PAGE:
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Tuesday, 1 May, 2001, 14:17 GMT 15:17 UK
The battle over missile defence
A Chinese ballistic missile
Some argue that missile defence will trigger an arms race
By BBC US State Department Correspondent Richard Lister

Unlike former President Bill Clinton, who was a late and reluctant convert to National Missile Defence, or NMD, Mr Bush argued all through his election campaign that it was vital to set up a system capable of defending America from ballistic missiles fired from countries such as North Korea, Iran and Iraq.

Vladimir Putin
Russian President Putin says the missile defence system will harm international relations
The fact that his Defence Secretary, Donald Rumsfeld, and his Secretary of State, Colin Powell, are both advocates, means that one way or another this is a policy initiative the Bush administration is pursuing with some vigour.

Obstacles for NMD

But there are any number of minefields to be crossed along the way.

Not least is the cost, estimated by the Congressional Budget Office to be in the region of $60bn.

That is on top of the $60bn that has already been spent researching the concept since it was first proposed by the then President Ronald Reagan in the 1980s.

Supporters argue that it is a small price to pay for the foolproof defence of the nation. But so far, NMD has proved to be anything but foolproof.

Two of the first three tests of the systems failed.
USS Cole
A missile defence system would not defend against terrorist acts

And even if it is possible to develop the technology which will in effect shoot a bullet with a bullet (or a laser), you are still left with the problem of how to deal with decoys, multiple launches, or other delivery methods.

With a missile-shield in place, aggressors might simply decide to use alternative delivery systems for their nuclear, chemical or biological warheads - like a truck, or a backpack, or an aerosol can.

But the Bush administration argues that the countries once known as "Rogue States" (before being re-labelled as "States of Concern" by the Clinton team), are all developing longer-range missiles, and it would be negligent not to try to combat the threat.

New arms race?

Of course, combat the threat from them, and you have also gone some way to addressing the potential threat from other countries.

Comments by the Russian President Vladimir Putin that the US deployment of a National Missile Defence shield would do "irreparable damage to the architecture of international relations" indicate just how tough the political battle is likely to be for President George W Bush over this controversial system.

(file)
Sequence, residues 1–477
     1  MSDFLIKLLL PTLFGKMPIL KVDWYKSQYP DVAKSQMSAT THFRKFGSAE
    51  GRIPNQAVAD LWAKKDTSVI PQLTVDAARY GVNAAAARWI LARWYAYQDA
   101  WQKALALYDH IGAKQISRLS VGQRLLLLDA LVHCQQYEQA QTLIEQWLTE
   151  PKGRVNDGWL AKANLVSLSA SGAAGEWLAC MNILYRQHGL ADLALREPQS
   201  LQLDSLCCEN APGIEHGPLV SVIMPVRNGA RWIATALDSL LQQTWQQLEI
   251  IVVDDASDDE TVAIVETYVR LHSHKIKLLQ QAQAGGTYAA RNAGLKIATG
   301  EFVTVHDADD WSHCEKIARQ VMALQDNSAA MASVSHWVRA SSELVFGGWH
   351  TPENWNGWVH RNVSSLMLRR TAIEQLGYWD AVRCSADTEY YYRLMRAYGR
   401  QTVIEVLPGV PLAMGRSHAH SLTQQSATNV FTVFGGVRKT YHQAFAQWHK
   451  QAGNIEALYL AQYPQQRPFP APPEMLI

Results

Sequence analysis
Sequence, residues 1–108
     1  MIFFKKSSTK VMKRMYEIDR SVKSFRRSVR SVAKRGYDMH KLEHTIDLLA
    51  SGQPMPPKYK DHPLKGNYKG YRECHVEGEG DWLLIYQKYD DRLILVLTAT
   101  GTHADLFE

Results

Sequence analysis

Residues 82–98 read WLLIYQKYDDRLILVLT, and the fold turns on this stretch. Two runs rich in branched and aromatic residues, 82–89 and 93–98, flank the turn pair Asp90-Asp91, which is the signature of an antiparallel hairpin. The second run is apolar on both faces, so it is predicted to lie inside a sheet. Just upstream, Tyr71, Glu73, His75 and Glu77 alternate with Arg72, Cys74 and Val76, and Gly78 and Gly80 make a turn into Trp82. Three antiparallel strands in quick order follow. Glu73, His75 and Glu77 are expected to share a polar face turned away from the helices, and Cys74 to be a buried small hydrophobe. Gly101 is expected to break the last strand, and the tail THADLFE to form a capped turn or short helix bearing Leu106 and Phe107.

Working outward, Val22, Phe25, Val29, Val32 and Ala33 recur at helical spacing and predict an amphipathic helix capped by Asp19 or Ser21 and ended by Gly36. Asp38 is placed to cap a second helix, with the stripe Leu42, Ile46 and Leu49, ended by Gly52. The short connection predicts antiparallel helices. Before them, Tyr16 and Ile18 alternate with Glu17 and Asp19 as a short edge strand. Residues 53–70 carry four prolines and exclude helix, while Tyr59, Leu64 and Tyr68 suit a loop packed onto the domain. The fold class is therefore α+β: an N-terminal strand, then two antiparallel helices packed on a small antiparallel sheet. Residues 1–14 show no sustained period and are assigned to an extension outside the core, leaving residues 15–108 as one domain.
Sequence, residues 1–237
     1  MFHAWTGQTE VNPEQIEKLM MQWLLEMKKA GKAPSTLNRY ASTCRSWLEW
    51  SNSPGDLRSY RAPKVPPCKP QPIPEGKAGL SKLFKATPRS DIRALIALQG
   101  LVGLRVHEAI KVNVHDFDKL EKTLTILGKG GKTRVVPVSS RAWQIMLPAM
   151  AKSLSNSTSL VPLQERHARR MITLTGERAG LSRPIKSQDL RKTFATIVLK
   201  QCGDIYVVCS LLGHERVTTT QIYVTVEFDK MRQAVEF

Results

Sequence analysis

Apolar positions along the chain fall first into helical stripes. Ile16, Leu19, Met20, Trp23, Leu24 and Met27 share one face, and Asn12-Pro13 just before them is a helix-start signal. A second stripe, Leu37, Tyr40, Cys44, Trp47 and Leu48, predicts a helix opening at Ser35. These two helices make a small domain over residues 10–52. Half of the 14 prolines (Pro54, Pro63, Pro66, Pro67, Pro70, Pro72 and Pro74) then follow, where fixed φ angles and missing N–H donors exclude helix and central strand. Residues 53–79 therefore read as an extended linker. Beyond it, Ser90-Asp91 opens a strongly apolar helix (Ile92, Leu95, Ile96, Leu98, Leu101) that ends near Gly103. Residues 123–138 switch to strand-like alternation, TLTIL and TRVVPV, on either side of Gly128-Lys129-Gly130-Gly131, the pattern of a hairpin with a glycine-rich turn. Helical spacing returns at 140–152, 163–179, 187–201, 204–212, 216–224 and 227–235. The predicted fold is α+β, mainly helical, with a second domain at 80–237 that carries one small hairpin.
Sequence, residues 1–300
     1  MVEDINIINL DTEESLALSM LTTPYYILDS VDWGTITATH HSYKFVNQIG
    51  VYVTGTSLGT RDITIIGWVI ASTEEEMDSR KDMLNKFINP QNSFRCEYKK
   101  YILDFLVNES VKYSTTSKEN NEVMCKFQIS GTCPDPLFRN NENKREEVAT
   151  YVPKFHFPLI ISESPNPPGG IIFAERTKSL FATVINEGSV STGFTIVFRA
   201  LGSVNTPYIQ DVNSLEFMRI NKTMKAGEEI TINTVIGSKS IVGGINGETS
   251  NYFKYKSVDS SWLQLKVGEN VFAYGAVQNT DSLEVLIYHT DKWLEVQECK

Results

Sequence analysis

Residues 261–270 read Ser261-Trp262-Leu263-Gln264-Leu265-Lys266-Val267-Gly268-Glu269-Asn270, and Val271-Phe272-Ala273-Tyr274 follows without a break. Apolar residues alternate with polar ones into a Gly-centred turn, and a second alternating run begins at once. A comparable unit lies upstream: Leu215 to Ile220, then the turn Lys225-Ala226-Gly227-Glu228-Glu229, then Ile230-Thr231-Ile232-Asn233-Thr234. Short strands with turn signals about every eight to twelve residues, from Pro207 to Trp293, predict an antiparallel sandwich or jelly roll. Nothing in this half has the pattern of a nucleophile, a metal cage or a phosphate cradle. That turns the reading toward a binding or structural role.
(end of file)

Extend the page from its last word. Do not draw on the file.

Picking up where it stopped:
Not only would NMD give the US a strategic edge, it would also break the 1972 Anti Ballistic Missile Treaty signed with the Soviet Union.

Mr Bush has indicated that if the treaty cannot be renegotiated he would scrap it rather than forgo NMD.
Protest in Japan
Missile defence faces opposition from friends and foes of the US

The Russians suggest that if that happened they would have no choice but to beef up their own armoury.

China appears to feel even more vulnerable to NMD. Because, while the new system would be unable to defend the US from a mass strike by Russia with its estimated 6,000 warheads, China has only about 20 ICBMs, about the size of arsenal that NMD would be designed to combat.

Again, NMD opponents see the ingredients for a dangerous new arms race.

Concern in Europe

The Europeans too are distinctly dubious about US implementation of NMD and are concerned about the impact on relations with Russia.

The Bush administration will have to decide the extent to which is prepared to sacrifice diplomatic friendships and isolate strategic adversaries for the sake of a missile shield, which is not yet proven and which could be quickly rendered obsolete by the development of new weapons or tactics.

But for the Bush administration and its supporters, the alternative is to leave the most powerful nation in the world vulnerable to attack from anyone with a missile, a warhead and a hatred of the United States.

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See also:

26 Jan 01 | Americas
Bush confirms 'Star Wars' plan
12 Jan 01 | UK Politics
Hague defends 'Star Wars' stance
15 Jan 01 | UK Politics
'No decision' on Star Wars plan
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